When you coach in Green Bay, where they name streets and stadiums after those who get the job done, it's not easy and perhaps not even advisable to dream of cracking the pantheon of Lombardi, Lambeau and Holmgren. But Mike McCarthy, head down and grinding away in his trademark no-frills fashion, is working on it.
Musings, observations and the occasional insight as we digest the NFL's just-released 256-game regular-season schedule ...
It's unlikely helicopters will be involved in the news coverage of where fourth-year Packers backup quarterback Matt Flynn lands in free agency, but that doesn't mean the pursuit of the second most sought-after passer in this year's market will lack for significance or intrigue.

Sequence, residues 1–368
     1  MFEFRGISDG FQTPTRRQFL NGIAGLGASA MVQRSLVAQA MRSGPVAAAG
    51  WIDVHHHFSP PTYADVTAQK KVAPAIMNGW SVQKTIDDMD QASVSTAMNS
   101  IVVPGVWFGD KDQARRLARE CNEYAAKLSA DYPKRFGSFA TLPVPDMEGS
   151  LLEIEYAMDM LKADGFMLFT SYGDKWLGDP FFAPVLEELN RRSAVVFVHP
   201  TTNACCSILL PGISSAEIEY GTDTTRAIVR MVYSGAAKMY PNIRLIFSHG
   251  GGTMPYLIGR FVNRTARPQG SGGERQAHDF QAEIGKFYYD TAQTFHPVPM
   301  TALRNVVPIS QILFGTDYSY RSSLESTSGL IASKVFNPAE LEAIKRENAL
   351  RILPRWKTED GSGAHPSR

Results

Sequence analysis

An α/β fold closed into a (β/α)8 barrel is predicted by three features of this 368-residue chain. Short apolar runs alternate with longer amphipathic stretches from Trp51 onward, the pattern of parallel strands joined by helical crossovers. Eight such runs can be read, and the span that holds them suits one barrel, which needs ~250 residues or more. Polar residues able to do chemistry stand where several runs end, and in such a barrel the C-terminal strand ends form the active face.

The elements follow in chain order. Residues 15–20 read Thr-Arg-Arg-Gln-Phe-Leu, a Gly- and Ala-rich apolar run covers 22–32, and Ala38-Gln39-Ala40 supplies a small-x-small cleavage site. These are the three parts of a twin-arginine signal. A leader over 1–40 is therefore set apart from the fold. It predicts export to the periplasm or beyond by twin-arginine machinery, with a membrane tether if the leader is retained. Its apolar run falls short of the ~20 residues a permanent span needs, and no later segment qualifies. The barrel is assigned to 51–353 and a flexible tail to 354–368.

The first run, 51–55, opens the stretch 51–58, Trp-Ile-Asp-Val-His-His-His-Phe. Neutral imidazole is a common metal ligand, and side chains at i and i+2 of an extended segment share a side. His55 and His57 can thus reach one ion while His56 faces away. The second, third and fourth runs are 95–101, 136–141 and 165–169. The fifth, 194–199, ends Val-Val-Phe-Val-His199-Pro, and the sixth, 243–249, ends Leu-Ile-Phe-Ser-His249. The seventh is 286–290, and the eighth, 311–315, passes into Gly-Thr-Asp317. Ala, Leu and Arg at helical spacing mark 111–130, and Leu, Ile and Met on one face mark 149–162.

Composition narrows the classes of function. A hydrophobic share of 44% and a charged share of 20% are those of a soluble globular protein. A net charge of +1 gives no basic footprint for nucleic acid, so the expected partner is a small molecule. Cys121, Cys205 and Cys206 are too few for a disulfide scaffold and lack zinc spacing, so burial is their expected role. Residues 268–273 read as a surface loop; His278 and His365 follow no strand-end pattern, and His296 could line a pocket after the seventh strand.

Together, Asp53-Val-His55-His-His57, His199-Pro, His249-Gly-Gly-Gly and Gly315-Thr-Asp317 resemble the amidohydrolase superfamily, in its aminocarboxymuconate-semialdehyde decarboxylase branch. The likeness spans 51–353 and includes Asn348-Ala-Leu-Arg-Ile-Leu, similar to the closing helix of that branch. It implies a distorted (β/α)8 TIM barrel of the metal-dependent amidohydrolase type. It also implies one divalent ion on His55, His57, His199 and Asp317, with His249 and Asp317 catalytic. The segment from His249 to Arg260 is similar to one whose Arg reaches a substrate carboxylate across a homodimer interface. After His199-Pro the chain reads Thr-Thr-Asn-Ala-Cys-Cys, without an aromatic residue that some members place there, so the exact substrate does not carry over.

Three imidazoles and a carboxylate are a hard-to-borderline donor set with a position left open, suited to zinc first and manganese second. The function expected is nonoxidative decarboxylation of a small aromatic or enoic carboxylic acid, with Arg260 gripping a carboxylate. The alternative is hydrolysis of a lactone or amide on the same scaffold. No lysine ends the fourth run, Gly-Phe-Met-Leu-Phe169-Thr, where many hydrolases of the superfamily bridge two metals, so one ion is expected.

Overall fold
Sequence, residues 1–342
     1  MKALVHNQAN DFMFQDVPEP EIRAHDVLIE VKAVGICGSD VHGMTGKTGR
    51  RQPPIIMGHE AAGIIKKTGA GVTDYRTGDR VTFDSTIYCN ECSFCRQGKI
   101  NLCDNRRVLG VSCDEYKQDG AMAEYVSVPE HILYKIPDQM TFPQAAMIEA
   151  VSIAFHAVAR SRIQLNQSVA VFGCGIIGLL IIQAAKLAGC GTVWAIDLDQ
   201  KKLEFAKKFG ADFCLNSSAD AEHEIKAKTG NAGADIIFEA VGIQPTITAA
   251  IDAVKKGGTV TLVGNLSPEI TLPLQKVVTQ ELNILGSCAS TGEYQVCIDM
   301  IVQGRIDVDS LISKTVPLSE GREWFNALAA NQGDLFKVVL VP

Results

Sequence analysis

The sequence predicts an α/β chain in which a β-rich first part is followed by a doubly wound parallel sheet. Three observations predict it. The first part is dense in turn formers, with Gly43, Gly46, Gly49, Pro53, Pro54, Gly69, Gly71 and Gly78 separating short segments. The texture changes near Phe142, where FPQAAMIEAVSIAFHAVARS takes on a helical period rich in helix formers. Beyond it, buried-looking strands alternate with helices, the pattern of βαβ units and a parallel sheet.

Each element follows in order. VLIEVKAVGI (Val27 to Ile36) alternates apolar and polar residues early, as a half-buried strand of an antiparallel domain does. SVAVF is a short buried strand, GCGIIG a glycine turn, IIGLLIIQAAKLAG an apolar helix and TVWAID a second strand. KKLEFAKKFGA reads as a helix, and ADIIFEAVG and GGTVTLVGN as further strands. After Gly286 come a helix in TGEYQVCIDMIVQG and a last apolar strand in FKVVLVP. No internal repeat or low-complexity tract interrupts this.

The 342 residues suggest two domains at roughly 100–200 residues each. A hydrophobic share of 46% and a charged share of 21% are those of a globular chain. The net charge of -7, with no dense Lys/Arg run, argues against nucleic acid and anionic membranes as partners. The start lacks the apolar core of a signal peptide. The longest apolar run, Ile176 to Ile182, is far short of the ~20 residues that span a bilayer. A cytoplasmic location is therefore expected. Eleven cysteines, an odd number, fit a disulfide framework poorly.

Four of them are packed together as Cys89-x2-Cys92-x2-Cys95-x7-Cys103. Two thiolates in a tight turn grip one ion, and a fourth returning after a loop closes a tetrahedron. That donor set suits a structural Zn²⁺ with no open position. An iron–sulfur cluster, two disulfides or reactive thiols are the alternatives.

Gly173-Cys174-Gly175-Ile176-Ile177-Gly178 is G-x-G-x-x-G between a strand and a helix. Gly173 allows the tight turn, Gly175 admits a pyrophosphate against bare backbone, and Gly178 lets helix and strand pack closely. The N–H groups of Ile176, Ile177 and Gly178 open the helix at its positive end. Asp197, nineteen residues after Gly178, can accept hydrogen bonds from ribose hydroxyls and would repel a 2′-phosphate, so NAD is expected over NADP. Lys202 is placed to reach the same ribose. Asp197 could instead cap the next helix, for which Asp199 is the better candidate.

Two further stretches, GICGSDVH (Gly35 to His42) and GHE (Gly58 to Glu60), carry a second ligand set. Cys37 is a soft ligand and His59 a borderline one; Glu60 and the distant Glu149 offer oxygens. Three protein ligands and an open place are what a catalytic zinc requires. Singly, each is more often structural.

As Peyton Manning looks for a new home after 14 years with the Colts, it's important to remember one thing: It rarely ends well for the great ones, especially the quarterbacks.
The first day of NFL free agency -- March 13 -- can't come soon enough for Matt Flynn. The soon-to-be ex-Green Bay Packer backup is expected to be the league's most in-demand free-agent quarterback --once Drew Brees is signed or franchised by the Saints and outside of Peyton Manning being healthy and released by the Colts.
The New York Giants parade through the heart of Manhattan, celebrating a dramatic win in Super Bowl XLVI.
Eli Manning is heading to Disney World. Madison Avenue will be close behind.
In the social media age, you don't need to be at a party to enjoy clever or catty comments about the Super Bowl.